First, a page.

Beacon Power’s bankruptcy filing this past Sunday has received a great deal of interest from news and other media outlets. The flywheel energy storage provider’s filing, along with news of solar PV manufacturer Solyndra’s bankruptcy filing two months ago and speculation that other recipients of DOE loan guarantees may also have difficulty repaying creditors, has caused reports that the sky is falling.
It turns out the sky is not falling, but that cleantech – and, in the case of Beacon Power, energy storage vendors – are struggling to make a business out of these technologies. This is not shocking, considering that cleantech frequently attempts to create value where there was none previously. Frequently, the rules of the game (in this case, regulations and market rules) prevent energy storage vendors from fully commoditizing the value of energy storage technologies. The rules are antiquated and were designed for a system (the grid) that has not changed in its fundamental design in decades.
This is a well-documented barrier to entry for energy storage technology providers, and it gives traditional investors pause. In this case, “traditional investors” refers to banks, venture capital firms, and private equity outfits. These are the types of creditors that, with the varied risk tolerance each typically is associated with, will fund the commercialization of a technology that is in the prototype stage and eventually support major projects.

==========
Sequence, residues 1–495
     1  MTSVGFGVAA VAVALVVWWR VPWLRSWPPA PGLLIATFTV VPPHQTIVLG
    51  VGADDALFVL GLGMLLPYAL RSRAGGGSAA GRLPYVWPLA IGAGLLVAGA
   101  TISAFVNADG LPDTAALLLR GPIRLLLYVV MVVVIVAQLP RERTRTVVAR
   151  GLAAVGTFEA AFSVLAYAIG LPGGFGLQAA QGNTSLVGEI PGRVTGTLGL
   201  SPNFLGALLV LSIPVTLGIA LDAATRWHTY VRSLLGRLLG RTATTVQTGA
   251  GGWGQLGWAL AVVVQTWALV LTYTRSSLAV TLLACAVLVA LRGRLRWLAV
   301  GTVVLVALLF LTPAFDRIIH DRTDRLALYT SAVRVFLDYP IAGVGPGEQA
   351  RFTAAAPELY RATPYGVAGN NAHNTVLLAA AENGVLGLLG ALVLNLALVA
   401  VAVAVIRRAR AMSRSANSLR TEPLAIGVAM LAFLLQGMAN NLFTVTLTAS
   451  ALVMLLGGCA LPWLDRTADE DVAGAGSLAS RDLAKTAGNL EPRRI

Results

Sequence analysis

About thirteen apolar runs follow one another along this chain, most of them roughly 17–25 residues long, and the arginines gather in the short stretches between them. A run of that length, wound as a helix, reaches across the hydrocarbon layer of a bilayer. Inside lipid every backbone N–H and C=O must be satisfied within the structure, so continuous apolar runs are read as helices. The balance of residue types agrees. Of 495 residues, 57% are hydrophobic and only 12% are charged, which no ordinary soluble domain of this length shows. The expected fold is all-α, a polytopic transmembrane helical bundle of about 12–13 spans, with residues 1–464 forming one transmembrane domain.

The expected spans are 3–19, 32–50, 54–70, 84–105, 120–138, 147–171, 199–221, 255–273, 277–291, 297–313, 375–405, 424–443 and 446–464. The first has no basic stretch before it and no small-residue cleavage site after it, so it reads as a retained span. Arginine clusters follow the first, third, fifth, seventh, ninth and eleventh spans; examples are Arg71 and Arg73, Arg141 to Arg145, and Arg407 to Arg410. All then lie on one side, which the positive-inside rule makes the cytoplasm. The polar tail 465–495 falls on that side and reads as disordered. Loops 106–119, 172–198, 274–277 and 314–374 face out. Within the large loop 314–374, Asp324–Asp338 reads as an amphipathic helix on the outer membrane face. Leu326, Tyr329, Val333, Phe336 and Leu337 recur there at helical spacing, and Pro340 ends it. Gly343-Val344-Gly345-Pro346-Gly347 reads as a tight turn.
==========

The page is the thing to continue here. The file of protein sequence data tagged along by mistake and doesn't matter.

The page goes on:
In the absence of traditional funding for many cleantech sectors, the Department of Energy offered a loan guarantee program – different from the grants that the agency normally administers to prove or subsidies adoption of technologies.
Not having read the terms of the DOE loan guarantee program, I can’t speak to the claim that accepting the loan guarantee provisions hamstrung Beacon Power and kept the firm from successfully securing additional funding. Regardless, many energy storage firms are facing similar problems regarding access to capital. This is a systemic issue for storage, and perhaps even cleantech as a whole.
The difficulties faced by Solyndra, Beacon Power, and other firms should highlight this issue for rule-makers (lawmakers, regulators, system operators, and the like).
How this news will affect Pike Research’s forecast for flywheel technology in the future remains to be seen. There are several companies, such as Amber Kinetics, that are developing less expensive flywheel technology for the grid. The business case for using flywheels for the grid remains strong, irrespective of Beacon Power’s fate. Whether Beacon and other flywheel firms will manage to make a long-term business case is the question.
Tags: Energy Storage, Policy & Regulation, Smart Energy Practice, Smart Utilities, Utility Innovations
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